The tomato chromosomes consist of an extended heterochromatic region (77% genome), mostly representing the telomeres and extended pericentromeric regions. The euchromatic regions locates in the distal part of the chromosome (Peterson et al. 1996, Peterson et al. 1998), composed of most single copy sequences with only few retrotransposon (Chang et al.

2008) and the 90% of the genes.

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8 The pericentromeric heterochromatic segments were 1.23 times wider than euchromatic segments. They contain a large portion of retrotransposons, repeated sequences and some single-copy sequences, which also include a lower but representative gene content (Di Filippo et al. 2012).

Pericentromeric heterochromatin is generally assumed to be gene poor and repeat-rich, where crossing over is severely repressed (Sherman and Stack 1995) (Fig. 1).

The international Tomato Annotation Group (iTAG) carried out the annotation of the tomato genome, releasing different versions. The most recent ones are the version 2.3, based on the genome assembly SL2.40 (Tomato Genome Consortium 2012), and the version 2.4, based on the genome assembly SL2.50 (Shearer et al. 2014).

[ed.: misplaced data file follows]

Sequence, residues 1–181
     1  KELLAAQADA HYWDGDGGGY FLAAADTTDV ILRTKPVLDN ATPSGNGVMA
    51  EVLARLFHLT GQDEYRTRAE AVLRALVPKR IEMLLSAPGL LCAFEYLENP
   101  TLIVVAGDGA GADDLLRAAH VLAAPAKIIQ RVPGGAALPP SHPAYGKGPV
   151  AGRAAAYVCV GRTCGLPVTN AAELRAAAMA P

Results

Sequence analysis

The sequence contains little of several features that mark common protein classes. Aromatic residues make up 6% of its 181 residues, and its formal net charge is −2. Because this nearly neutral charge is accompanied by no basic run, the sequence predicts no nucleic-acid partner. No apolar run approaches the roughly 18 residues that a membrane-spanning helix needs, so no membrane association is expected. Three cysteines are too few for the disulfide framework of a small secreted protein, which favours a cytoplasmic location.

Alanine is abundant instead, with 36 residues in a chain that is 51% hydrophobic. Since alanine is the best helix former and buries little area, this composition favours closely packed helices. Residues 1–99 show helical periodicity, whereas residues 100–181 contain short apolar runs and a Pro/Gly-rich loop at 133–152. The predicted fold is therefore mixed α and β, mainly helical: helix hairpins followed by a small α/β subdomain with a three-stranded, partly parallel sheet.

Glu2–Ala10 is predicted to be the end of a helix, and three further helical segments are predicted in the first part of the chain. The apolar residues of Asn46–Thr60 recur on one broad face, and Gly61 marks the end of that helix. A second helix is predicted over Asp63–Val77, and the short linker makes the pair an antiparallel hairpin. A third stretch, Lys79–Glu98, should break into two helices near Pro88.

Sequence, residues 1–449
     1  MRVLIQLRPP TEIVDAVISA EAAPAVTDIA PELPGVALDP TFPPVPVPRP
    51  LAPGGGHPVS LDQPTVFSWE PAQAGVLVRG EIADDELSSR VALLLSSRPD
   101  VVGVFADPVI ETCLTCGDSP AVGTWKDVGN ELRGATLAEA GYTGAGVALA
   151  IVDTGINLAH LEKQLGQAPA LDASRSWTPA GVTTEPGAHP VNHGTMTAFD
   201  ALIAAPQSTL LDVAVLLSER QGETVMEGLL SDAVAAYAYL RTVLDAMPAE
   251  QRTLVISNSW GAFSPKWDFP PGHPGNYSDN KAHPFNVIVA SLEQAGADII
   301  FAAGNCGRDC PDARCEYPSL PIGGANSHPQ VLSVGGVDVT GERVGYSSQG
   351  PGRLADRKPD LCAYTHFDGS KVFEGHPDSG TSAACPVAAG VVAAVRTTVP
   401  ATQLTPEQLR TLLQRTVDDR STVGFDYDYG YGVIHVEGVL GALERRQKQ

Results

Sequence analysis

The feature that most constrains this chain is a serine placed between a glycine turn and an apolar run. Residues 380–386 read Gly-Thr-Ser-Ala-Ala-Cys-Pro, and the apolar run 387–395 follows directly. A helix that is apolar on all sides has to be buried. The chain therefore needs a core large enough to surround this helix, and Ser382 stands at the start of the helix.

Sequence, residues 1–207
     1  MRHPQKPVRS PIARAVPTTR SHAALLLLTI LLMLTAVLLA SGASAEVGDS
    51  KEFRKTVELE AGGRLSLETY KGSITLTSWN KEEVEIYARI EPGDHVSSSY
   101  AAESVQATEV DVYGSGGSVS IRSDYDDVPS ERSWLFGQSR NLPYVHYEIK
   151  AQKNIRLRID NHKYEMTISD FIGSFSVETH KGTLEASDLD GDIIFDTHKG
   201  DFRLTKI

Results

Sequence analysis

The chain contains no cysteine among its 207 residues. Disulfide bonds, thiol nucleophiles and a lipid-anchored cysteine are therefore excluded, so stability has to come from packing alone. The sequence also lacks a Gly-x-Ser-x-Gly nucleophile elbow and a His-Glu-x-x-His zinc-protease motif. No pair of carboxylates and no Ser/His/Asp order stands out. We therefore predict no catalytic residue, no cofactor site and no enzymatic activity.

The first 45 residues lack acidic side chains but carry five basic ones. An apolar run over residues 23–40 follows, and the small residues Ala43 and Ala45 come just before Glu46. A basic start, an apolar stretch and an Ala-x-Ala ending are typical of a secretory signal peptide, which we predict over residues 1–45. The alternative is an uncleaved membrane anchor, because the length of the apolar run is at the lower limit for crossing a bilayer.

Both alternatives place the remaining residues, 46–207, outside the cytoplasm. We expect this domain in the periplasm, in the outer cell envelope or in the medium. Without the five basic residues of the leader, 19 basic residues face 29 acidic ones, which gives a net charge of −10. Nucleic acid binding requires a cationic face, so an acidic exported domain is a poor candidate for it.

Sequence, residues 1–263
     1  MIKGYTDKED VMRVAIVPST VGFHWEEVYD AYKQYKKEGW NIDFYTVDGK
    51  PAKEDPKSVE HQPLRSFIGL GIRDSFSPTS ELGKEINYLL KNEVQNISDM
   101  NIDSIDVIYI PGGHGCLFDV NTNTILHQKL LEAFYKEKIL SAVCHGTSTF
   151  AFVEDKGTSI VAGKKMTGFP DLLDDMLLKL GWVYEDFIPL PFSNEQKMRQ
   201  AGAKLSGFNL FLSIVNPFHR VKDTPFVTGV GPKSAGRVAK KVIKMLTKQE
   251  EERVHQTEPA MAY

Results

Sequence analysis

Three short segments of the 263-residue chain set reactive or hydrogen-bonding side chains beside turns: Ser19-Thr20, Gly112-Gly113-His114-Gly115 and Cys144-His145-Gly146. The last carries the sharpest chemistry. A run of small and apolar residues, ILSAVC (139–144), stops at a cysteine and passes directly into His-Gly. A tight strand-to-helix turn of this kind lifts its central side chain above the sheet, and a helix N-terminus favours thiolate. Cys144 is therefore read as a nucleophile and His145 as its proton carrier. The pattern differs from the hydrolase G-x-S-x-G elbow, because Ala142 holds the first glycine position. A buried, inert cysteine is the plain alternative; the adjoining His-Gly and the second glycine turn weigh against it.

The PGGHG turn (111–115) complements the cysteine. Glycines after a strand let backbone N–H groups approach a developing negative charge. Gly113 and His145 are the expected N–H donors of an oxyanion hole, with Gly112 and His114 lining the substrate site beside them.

Figure 1 Percentage of genes, paralogues, repeated regions, N, GC, CpG, TpG, CXG on chromosome 1 and 6 is reported

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9 1.2.1.1 SGN

Tomato is considered a model for all the Solanaceae and other species for its fruit development. Many data are available for it and they can be exploited in several online resources.

The reference website for tomato is Sol Genomic Network (SGN) (Bombarely et al. 2011), available at http://www.sgn.cornell.edu/. The platform includes all the genomic information about tomato, such as genome assembly versions and annotation versions, downloadable from the FTP page offered by the website. SGN not only includes tomato genomic data, but also genetic, transcriptomic, phenotypic and taxonomic information with the data of other Solanaceae (potato, eggplant, pepper and petunia).

1.2.2 Solanum tuberosum

Solanum tuberosum (potato) is the most important crop in the world, after wheat, rice and maize and it belongs to the Solanaceae family. Potato genome was the first Solanaceae genome to be sequenced in 2011 (Potato Genome Sequencing Consortium 2011) and it is the first asterid genome, representing a major clade of eudicots. As almost all the Solanaceae family members, potato have 12 chromosomes (Wikstrom et al. 2001) and its genome size is about 844 Mb. The Potato Genome Sequence Consortium (PGSC) carried out the sequencing of two varieties: RH89-039-16 (RH), a diploid, heterozygous potato variety, and DM1-3 516R44 (DM), a doubled monoploid. The PGSC originally started with the sequencing of RH variety. The project built a diploid potato genomic Bacterial Artificial Chromosome (BAC) clone library of 78,000 clones. In addition, the BAC-ends were sequenced and publicly available. From the genetic-physical map, between 50 to 150 seed BACs were identified for each chromosome and fluorescent in situ hybridization (FISH) experiments on selected BAC clones confirmed these anchor points.